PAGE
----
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Nation's two largest medical specialty groups issue migraine treatment guidelines

PHILADELPHIA -- (November 19, 2002) Migraine headaches can be successfully treated and in many cases prevented, say new joint clinical guidelines from the nation's two largest groups of primary care physicians. The American College of Physicians-American Society of Internal Medicine (ACP-ASIM) and the American Academy of Family Physicians (AAFP) say the first line of treatment for migraines are non-steroidal, anti-inflammatory drugs (NSAIDs), followed by prescription drugs called triptans and DHE nasal spray for more severe headaches. The guidelines are published in the Nov. 19, 2002, issue of Annals of Internal Medicine.

Migraines are severe recurring headaches that can disable sufferers for hours up to several days. In addition to throbbing head pain, symptoms can include nausea, vomiting, and sensitivity to light, noise and odors.

The first line NSAIDs proven to work are the familiar, inexpensive, over-the-counter, medications aspirin and ibuprofen as well as naproxen sodium and a combination of acetaminophen plus aspirin and caffeine. Acetaminophen alone has been proven not to work for migraines.

If NSAIDs don't work, physicians should prescribe drugs called triptans. The guidelines advise treating migraines immediately and also treating the nausea and vomiting that accompany some migraines with specific remedies for these symptoms. The recommended medications were deemed effective in at least two double-blind, placebo-controlled trials.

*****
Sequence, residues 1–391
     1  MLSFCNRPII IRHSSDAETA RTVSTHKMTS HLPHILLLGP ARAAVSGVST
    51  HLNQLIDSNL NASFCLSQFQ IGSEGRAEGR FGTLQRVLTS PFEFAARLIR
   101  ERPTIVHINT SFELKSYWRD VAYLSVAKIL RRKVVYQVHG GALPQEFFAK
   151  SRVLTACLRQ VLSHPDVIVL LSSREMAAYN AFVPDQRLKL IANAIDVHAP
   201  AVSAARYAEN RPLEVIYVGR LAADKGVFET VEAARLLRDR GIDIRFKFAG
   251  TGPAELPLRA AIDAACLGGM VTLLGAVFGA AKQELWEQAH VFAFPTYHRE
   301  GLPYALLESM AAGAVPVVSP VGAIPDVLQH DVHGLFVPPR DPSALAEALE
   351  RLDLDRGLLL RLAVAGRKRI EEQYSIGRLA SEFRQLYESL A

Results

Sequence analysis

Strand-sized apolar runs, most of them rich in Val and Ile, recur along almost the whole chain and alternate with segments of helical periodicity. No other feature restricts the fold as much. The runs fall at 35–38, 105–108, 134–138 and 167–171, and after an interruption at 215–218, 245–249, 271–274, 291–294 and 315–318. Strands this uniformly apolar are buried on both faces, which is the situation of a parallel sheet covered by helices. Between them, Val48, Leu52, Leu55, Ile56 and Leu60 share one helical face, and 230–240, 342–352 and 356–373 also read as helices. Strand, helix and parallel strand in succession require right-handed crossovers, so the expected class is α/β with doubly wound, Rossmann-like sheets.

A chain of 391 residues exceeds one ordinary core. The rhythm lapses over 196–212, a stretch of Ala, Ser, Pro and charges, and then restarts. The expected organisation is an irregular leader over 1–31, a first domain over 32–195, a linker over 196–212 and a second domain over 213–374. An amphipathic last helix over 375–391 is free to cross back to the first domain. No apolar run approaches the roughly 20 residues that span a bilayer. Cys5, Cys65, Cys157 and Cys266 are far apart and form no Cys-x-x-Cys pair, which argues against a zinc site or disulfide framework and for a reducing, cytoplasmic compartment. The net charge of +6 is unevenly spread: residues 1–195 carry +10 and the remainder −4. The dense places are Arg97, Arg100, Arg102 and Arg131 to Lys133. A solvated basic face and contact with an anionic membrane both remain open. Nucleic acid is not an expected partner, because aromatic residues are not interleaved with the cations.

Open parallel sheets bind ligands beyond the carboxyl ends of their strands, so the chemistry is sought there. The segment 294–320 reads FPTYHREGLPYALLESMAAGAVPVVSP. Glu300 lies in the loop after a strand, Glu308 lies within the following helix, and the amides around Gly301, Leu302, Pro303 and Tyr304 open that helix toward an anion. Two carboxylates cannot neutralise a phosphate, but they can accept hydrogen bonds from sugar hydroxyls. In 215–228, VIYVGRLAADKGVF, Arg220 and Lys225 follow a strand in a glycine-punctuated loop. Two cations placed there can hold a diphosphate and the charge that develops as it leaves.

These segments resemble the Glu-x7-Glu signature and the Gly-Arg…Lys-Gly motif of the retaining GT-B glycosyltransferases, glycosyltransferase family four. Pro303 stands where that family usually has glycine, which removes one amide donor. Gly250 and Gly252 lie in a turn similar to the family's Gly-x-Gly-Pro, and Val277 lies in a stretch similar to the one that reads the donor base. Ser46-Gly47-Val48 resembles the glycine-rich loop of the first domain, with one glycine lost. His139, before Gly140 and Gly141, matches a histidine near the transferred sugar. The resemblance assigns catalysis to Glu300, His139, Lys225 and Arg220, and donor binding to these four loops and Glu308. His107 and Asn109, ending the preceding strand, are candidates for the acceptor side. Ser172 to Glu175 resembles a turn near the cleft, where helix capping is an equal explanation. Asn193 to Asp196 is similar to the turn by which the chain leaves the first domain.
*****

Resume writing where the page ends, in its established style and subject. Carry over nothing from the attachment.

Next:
"Migraine patients should know that migraines can and should be treated at once," said Kevin B. Weiss, MD, chairman of the ACP-ASIM Clinical Efficacy Assessment Subcommittee that helped develop the guidelines. "We physicians don't want patients suffering longer than needed. We want to help them get on their feet and functioning."

"Another goal is to reduce use of back-up and rescue medications," Weiss said. "Patients should know that more isn't necessarily better when treating migraines. A
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Contact: Susan Anderson
sanderson@mail.acponline.org
215-351-2653
American College of Physicians
18-Nov-2002


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